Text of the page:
Solution

The system will shift toward the reactants to reach equilibrium.

(15) Determine if the following system is at equilibrium. If not, in which direction will the system need to shift to reach equilibrium?

[SO2Cl2] = 0.12 M, [Cl2] = 0.16 M and [SO2] = 0.050 M. Kc for the reaction is 0.078.

(16) Which of the systems described in Q10 are homogeneous equilibria? Which are heterogeneous equilibria?

Solution

(a) homogenous; (b) homogenous; (c) homogenous; (d) heterogeneous; (e) heterogeneous; (f) homogenous; (g) heterogeneous; (h) heterogeneous

(17) Which of the systems described in Q11 are homogeneous equilibria? Which are heterogeneous equilibria?

(18) For which of the reactions in Q10 does Kc (calculated using concentrations) equal KP (calculated using pressures)?

Solution

This situation occurs in (a) and (b).

(19) For which of the reactions in Q11 does Kc (calculated using concentrations) equal KP (calculated using pressures)?

(20) Convert the values of Kc to values of KP or the values of KP to values of Kc.

(20a)

(20b)

(20c)

(20d)

Solution

(a) KP = 1.6 10−4; (b) KP = 50.2; (c) Kc = 5.34 10−39; (d) Kc = 4.60 10−3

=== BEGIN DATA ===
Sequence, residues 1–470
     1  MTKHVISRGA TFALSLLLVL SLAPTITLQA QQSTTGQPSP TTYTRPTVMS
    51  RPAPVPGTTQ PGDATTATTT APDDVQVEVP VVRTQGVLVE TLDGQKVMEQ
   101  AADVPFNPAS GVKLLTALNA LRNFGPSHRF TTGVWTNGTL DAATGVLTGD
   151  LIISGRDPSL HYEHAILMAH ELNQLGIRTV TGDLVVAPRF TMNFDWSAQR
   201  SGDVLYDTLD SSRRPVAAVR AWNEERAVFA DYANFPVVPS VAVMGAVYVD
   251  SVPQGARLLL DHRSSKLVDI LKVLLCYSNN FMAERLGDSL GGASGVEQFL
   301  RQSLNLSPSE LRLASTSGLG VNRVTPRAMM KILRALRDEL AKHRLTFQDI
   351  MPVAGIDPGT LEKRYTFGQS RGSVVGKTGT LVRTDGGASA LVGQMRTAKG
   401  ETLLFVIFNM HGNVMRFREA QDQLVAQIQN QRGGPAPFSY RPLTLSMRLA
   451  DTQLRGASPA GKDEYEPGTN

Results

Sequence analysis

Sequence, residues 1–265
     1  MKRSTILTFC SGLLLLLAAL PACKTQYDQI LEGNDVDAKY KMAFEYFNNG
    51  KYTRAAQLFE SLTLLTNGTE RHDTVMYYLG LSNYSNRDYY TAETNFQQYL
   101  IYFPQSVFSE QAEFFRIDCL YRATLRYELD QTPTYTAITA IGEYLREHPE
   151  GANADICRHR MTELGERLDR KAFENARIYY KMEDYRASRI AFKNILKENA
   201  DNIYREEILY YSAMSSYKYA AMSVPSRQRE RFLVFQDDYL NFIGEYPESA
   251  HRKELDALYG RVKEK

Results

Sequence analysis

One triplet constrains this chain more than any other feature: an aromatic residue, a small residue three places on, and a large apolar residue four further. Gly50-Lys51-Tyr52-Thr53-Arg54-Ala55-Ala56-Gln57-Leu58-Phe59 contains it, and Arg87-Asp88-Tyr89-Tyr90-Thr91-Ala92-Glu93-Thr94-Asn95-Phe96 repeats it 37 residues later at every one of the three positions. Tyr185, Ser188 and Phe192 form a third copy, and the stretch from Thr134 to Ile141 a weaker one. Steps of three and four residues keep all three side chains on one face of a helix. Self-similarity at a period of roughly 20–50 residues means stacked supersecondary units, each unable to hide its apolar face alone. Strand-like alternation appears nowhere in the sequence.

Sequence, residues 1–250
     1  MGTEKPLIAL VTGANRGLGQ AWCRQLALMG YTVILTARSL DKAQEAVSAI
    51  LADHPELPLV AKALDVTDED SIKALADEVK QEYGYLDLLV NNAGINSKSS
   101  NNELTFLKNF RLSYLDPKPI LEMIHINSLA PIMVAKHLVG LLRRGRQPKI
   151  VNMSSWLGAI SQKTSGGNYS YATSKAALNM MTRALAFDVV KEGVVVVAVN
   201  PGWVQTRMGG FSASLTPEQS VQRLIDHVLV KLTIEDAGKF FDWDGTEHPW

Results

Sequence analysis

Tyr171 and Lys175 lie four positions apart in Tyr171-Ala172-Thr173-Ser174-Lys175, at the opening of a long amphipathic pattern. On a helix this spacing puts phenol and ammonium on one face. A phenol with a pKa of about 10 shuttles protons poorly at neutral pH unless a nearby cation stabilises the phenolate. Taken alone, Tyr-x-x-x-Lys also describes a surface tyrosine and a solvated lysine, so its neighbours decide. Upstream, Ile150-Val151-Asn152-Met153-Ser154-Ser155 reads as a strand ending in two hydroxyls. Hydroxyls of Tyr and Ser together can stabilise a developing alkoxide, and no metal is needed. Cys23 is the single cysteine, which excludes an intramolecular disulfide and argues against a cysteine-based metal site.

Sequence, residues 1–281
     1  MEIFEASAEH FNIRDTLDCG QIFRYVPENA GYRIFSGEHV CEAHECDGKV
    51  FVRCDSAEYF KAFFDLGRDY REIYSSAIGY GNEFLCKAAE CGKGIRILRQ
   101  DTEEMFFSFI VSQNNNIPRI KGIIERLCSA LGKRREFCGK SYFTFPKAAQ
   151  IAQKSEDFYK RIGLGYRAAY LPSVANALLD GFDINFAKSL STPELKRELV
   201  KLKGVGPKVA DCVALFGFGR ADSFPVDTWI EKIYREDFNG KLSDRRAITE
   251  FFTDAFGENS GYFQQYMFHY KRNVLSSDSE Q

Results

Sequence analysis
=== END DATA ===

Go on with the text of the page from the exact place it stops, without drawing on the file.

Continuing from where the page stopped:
(21) Convert the values of Kc to values of KP or the values of KP to values of Kc.

(21a)

(21b)

(21c)

(21d)

(22) Write the expression of the reaction quotient for the ionization of HOCN in water.

(23) Write the reaction quotient expression for the ionization of NH3 in water.

Solution

(24) What is the approximate value of the equilibrium constant KP for the change at 25 °C. (The equilibrium vapor pressure for this substance is 570 torr at 25 °C.)

## Glossary

equilibrium constant (K)
value of the reaction quotient for a system at equilibrium; may be expressed using concentrations (Kc) or partial pressures (Kp)
heterogeneous equilibria
equilibria in which reactants and products occupy two or more different phases
homogeneous equilibria
equilibria in which all reactants and products occupy the same phase
law of mass action
when a reversible reaction has attained equilibrium at a given temperature, the reaction quotient remains constant
reaction quotient (Q)
mathematical function describing the relative amounts of reactants and products in a reaction mixture; may be expressed in terms of concentrations (Qc) or pressures (Qp)
definition